The Artsy Hufflehoe: “My Mother is Dead. My Father is Dead. I’m Gay. I’d Like to be A Poet. This is My House.”

I originally wrote this post for Stedelijk Journal and thought I’d share it here for this month’s Artsy Hufflehoe

Thus begins Female figure by Jordan Wolfson, just before “Applause” by Lady Gaga starts playing. According to Wolfson, the robotic figure is a sexual object and the work addresses “the violence of objectification”. Without being aware of this, the viewer can already feel it when standing in the gallery with the robot.

She is a blonde woman dressed as a hypersexualized pop star: she wears a semitransparent skirt through which her underwear is visible, thigh-high boots, and long gloves. She is completely in white, the color of virginity. Her body appears dirty, but the reason for this is unknown. Her face is concealed by a mask of a witch’s face — this symbolizes infertility, according to Wolfson, while the movements her body makes simply scream fertility.
Because her face is hidden, it feels as if the mask
makes her more of an
object rather than a person.

She is attached to a pole — as if it forces her to keep dancing. Even when no music is playing and she addresses the audience, she continues to dance. From behind the mask, her eyes constantly follow the crowd in the room, unnerving the viewer. She is fixed in place, and her audience cannot leave. She is continuously “performing” for the public. And, as a spectator, the viewer can do nothing.

When “Applause” finishes, she begins to whisper a monologue in which she says, among other things, “I’ll have sex with you, but that’s not my calling”. This capitalizes on the idea that women only exist to satisfy men. She constantly asks what to say, and repeats the words that were said by a man (Wolfson’s voice): “Touch is hate. Say feeling love. Touch is love”. She embodies the utmost submissiveness, just as women are also still often seen today. She says, “This is my house”, but in her own home she has nothing to say and is unable to leave.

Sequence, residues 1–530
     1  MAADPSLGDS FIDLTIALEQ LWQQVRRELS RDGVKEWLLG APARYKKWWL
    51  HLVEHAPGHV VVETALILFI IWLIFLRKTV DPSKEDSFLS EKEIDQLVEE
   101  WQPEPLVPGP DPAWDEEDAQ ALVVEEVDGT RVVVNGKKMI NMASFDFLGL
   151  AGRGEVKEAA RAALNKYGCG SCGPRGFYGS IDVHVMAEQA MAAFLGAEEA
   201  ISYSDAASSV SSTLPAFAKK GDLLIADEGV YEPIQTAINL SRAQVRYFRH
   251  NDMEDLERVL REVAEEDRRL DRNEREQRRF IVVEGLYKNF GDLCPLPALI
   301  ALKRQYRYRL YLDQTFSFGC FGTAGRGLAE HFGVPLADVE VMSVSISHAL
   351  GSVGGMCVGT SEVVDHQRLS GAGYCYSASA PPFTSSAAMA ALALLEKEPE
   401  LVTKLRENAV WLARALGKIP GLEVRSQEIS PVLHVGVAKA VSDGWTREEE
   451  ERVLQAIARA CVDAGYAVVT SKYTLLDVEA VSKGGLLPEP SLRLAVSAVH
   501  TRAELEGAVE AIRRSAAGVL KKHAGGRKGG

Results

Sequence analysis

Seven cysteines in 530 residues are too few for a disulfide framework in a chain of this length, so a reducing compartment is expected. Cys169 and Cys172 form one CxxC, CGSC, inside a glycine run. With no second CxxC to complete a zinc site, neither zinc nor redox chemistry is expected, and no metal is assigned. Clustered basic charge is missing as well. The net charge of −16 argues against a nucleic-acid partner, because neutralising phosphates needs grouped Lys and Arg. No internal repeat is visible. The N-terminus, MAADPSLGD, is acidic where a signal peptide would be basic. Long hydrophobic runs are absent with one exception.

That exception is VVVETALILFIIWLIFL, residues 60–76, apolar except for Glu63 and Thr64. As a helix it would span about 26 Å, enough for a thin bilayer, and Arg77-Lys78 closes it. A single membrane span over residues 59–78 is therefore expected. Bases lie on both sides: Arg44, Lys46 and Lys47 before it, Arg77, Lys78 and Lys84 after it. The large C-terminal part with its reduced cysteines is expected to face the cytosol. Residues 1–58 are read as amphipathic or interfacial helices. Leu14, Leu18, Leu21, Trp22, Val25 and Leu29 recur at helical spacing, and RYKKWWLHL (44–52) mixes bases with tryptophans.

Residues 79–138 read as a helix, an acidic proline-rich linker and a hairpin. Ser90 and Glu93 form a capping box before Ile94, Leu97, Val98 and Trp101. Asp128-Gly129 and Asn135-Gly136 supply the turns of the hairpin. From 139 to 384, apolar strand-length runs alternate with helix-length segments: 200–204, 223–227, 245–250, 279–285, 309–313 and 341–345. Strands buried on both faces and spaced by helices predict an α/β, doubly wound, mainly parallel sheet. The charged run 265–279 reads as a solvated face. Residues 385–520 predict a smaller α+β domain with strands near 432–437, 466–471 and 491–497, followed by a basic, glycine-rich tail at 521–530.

During the “performance”, Robin Thicke’s “Blurred Lines” also plays, a song that became controversial as a result of lyrics that seem to condone or downplay rape. The words “touch is hate” could indicate this as well. Victims of rape often have difficulty with being touched.

She continues to repeat her dance moves. She is, of course, a robot that is perhaps incapable of performing many steps, but this can also be interpreted as a woman who is constantly forced to perform — to seduce men and to please them — but she is weary and hapless.

While Wolfson himself has said that Female figure is about the “objectification” of women, the observations given here are naturally my own interpretation. The emotions and ideas behind the choices Wolfson has made came to me when I saw the artwork. Perhaps the witch mask only stands for infertility, and the words “touch is hate” might have nothing to do with rape. Others may interpret the work differently, of course. Is Female figure really an effective way to expose “the violence and objectification”? When you are alone or with a group in the room with her, I think you will feel uncomfortable. Therefore, the message is still communicated, but whether the work can help put an end to “objectification” is another question entirely.